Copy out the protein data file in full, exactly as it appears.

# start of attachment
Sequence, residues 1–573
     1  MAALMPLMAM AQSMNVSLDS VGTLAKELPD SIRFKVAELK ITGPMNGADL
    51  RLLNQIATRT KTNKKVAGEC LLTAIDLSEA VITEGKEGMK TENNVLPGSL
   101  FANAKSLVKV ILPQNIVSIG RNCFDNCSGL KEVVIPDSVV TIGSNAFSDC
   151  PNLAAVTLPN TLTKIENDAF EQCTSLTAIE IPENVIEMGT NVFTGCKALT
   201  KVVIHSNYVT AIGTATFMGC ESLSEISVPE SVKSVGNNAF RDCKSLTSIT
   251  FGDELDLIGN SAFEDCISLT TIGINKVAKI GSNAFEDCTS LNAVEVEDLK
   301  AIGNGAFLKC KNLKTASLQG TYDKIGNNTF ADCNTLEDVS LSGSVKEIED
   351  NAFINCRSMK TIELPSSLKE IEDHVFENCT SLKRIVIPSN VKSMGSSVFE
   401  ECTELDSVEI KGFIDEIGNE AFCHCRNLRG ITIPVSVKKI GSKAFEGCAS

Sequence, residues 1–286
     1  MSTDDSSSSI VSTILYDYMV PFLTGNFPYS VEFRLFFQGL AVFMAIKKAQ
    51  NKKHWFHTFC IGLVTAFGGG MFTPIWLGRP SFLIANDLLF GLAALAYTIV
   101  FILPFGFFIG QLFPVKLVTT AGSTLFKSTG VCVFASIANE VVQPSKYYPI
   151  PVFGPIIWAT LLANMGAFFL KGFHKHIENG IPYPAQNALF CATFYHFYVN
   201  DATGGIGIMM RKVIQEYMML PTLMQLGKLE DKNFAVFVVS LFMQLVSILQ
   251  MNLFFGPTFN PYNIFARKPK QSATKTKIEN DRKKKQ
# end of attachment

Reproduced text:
Sequence, residues 1–573
     1  MAALMPLMAM AQSMNVSLDS VGTLAKELPD SIRFKVAELK ITGPMNGADL
    51  RLLNQIATRT KTNKKVAGEC LLTAIDLSEA VITEGKEGMK TENNVLPGSL
   101  FANAKSLVKV ILPQNIVSIG RNCFDNCSGL KEVVIPDSVV TIGSNAFSDC
   151  PNLAAVTLPN TLTKIENDAF EQCTSLTAIE IPENVIEMGT NVFTGCKALT
   201  KVVIHSNYVT AIGTATFMGC ESLSEISVPE SVKSVGNNAF RDCKSLTSIT
   251  FGDELDLIGN SAFEDCISLT TIGINKVAKI GSNAFEDCTS LNAVEVEDLK
   301  AIGNGAFLKC KNLKTASLQG TYDKIGNNTF ADCNTLEDVS LSGSVKEIED
   351  NAFINCRSMK TIELPSSLKE IEDHVFENCT SLKRIVIPSN VKSMGSSVFE
   401  ECTELDSVEI KGFIDEIGNE AFCHCRNLRG ITIPVSVKKI GSKAFEGCAS

Sequence, residues 1–286
     1  MSTDDSSSSI VSTILYDYMV PFLTGNFPYS VEFRLFFQGL AVFMAIKKAQ
    51  NKKHWFHTFC IGLVTAFGGG MFTPIWLGRP SFLIANDLLF GLAALAYTIV
   101  FILPFGFFIG QLFPVKLVTT AGSTLFKSTG VCVFASIANE VVQPSKYYPI
   151  PVFGPIIWAT LLANMGAFFL KGFHKHIENG IPYPAQNALF CATFYHFYVN
   201  DATGGIGIMM RKVIQEYMML PTLMQLGKLE DKNFAVFVVS LFMQLVSILQ
   251  MNLFFGPTFN PYNIFARKPK QSATKTKIEN DRKKKQ